Q. I had a locked-in pension, which I converted to a Life Income Fund (LIF). I also took advantage of the ability to unlock up to 50% of the LIF within 60 days and put $120,000 into an RRSP. I did not receive any funds—so I was shocked when I received a T4RIF for $120,000, which means I have to claim that as income. I also received an RRSP receipt for $120,000.
I didn’t receive any money, so I’m not sure why I’m being taxed now, as I will also be taxed when I start to withdraw the funds. Did the bank incorrectly issue the T4RIF?
A. Locked-in retirement accounts (LIRAs) come from pension plans—either defined contribution (DC) pensions or defined benefit (DB) pensions—that are transferred to you from your employer when you leave a job.
They’re locked in because they are intended to provide income throughout your life in retirement, so you are limited in how much you can withdraw each year from a resulting LIRA, subject to annual maximums based on your age.
There are exceptions when a locked-in account can be withdrawn, either partially or entirely. Exceptions include extreme financial hardship or a shortened life expectancy; some provinces also allow unlocking based on your age.
In Ontario, you can access up to 50 percent of the balance of your LIRA by transferring it into a Life Income Fund (LIF). Within 60 days of the transfer to the LIF, you can withdraw up to 50 percent of that balance, or transfer some or all of it to a registered retirement savings plan (RRSP)*.
To use an example with numbers, someone with a LIRA worth $10,000 can transfer up to $5,000 of that amount to a LIF. Assuming the maximum amount is transferred to a LIF, within 60 days, that person can withdraw up to $2,500 from the LIF or transfer up to the full $5,000 from the LIF into an RRSP.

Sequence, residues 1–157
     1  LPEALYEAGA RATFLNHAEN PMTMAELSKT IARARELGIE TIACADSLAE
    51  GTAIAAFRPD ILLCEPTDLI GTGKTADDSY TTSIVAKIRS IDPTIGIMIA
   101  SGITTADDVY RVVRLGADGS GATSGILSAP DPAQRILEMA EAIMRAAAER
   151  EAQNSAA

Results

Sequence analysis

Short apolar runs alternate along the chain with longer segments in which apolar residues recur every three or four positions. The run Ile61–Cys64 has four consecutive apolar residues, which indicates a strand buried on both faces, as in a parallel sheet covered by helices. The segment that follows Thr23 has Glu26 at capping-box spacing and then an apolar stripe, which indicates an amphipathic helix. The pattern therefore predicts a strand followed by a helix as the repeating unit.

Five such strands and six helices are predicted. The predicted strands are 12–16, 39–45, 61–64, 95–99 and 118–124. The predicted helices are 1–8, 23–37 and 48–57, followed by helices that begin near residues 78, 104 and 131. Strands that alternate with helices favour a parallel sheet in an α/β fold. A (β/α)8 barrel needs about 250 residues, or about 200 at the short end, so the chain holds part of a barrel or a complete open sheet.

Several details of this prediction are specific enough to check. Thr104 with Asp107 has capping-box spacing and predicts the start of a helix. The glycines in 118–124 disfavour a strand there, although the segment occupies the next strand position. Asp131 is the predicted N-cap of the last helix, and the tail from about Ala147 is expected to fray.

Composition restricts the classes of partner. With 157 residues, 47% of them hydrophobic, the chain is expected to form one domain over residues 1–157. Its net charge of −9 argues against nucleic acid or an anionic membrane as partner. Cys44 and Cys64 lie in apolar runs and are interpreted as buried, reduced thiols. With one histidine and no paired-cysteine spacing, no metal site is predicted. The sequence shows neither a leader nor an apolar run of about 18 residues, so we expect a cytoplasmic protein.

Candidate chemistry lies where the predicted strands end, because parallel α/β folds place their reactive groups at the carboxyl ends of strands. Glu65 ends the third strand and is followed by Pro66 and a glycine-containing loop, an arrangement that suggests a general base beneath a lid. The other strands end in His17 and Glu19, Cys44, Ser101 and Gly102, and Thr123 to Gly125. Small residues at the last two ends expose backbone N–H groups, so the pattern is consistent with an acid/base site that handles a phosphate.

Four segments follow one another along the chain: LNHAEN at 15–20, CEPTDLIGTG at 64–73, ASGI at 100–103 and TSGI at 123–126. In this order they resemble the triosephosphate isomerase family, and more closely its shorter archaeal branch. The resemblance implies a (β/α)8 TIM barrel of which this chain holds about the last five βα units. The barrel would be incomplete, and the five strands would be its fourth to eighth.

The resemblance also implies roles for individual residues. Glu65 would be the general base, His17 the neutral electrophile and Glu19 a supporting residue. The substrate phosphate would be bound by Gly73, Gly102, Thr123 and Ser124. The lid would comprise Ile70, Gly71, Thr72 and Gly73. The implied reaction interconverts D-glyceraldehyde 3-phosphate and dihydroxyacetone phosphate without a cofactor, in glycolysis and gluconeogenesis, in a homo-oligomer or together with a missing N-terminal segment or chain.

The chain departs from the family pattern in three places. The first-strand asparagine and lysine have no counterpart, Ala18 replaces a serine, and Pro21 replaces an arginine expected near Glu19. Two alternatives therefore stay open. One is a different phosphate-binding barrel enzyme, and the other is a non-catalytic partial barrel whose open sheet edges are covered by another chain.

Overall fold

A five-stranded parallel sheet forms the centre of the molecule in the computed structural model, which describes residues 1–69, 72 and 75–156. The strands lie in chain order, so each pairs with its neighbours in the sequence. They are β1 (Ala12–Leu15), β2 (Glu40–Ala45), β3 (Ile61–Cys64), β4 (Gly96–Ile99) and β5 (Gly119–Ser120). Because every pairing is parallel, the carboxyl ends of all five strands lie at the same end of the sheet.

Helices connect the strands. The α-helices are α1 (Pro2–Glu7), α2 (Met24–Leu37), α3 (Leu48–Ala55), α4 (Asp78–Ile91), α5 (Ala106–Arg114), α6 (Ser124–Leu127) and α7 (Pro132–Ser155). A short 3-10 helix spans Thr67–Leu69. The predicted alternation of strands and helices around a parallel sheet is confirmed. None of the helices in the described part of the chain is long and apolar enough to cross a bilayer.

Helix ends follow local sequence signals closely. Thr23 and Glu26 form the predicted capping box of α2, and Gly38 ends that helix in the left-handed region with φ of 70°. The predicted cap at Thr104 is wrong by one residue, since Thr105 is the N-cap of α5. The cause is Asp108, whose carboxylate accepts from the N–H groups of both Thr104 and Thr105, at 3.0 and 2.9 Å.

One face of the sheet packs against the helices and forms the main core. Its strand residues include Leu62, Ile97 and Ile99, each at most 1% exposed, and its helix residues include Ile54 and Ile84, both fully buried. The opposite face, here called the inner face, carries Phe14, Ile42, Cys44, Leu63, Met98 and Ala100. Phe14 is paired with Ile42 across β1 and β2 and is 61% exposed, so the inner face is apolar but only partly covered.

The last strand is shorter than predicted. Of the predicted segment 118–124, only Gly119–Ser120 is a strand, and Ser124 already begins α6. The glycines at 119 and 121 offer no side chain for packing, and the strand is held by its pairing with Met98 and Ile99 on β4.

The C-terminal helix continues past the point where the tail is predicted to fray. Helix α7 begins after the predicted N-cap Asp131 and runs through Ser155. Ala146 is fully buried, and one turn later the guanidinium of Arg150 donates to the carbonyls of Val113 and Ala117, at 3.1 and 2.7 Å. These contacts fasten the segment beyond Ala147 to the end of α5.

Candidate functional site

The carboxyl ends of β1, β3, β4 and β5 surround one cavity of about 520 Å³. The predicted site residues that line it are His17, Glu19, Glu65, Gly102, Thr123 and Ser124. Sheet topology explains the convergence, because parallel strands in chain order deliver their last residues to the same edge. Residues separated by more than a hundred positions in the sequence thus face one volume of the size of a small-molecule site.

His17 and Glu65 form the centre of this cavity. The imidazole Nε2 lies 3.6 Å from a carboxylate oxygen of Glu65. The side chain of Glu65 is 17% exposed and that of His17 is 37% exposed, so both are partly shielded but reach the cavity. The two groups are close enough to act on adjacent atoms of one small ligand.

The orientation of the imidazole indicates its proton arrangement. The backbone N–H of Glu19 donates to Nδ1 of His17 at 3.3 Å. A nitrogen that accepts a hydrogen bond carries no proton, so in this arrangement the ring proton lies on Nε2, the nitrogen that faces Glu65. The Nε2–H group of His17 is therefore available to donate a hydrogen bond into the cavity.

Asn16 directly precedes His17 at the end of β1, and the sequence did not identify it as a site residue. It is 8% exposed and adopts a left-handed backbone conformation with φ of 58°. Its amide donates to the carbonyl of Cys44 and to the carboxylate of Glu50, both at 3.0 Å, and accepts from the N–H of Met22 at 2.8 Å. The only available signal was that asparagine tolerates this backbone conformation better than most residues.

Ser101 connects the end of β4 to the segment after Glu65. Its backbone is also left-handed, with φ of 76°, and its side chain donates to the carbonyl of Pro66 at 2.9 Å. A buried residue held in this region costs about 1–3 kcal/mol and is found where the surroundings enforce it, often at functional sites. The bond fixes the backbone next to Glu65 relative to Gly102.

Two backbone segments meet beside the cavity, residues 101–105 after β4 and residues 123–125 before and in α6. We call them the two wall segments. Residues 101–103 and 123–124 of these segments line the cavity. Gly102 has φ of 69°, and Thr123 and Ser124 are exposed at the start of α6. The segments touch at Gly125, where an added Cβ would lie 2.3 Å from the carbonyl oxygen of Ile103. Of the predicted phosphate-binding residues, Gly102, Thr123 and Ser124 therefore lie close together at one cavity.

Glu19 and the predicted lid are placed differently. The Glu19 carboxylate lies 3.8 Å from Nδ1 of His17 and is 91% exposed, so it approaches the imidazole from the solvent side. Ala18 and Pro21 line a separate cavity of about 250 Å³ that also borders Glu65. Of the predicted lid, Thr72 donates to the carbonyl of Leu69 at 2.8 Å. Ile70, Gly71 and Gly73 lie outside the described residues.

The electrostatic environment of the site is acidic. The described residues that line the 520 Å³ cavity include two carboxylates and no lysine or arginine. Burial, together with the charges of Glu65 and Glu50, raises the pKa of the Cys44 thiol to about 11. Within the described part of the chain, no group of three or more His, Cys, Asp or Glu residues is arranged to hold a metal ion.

The benefit of the transfer to your RRSP is that it can happen on a tax-deferred basis, and the subsequent withdrawals are not subject to the annual LIF maximums.
You can’t open a LIF prior to age 55 in most cases. The minimum age depends on the earliest age a retiree could have started their pension under the terms of the pension plan the LIF came from in the first place.
When you take a withdrawal from a LIF, Suzanne, that withdrawal is reported on a T4RIF slip for tax purposes. Since you transferred 50 percent of your LIF to your RRSP, it should be reported in box 16 as a “taxable amount” as well as box 24 as an “excess amount transferred to RRSP”. This will increase your RRSP room for the year by the amount of the transfer. When the transfer is made within 60 days of opening the LIF, which it sounds like it was, given the way they reported it on your slip, you can make the RRSP contribution without impacting your available RRSP room.
The financial institution was right to issue you an RRSP contribution receipt because you must report the income from the T4RIF slip, and then deduct the deposit to the RRSP as a contribution—it’s a wash in this case.
If you took a withdrawal from your LIF and transferred only some of it to an RRSP, the RRSP contribution and allowable deduction would be less than the full withdrawal, and you would have an income inclusion. In other words, you would have to pay tax on the amount of the withdrawal not transferred to your RRSP.
Generally, transfers between registered accounts like RRSPs, LIRAs, RRIFs, LIFs, RESPs, and TFSAs do not have tax implications. The funds transfer over on a tax-free (for TFSAs) or tax-deferred (for other accounts) basis.
Some people may want to access locked-in funds because they need the money immediately. Others may just want to minimize the amount of money that is subject to maximum withdrawal restrictions. If your LIRA is small, unlocking a portion may mean the remainder is small enough, or will be in the future, to unlock it under the small balance limits for your province of residence.
In summary, Suzanne, I think the reporting by the bank was correct. You now just need to report it correctly on your tax return: as $120,000 of income on line 130 of your T1 tax return, and an offsetting $120,000 deduction on line 208.
Jason Heath is a fee-only, advice-only Certified Financial Planner (CFP) at Objective Financial Partners Inc. in Toronto, Ontario. He does not sell any financial products whatsoever.
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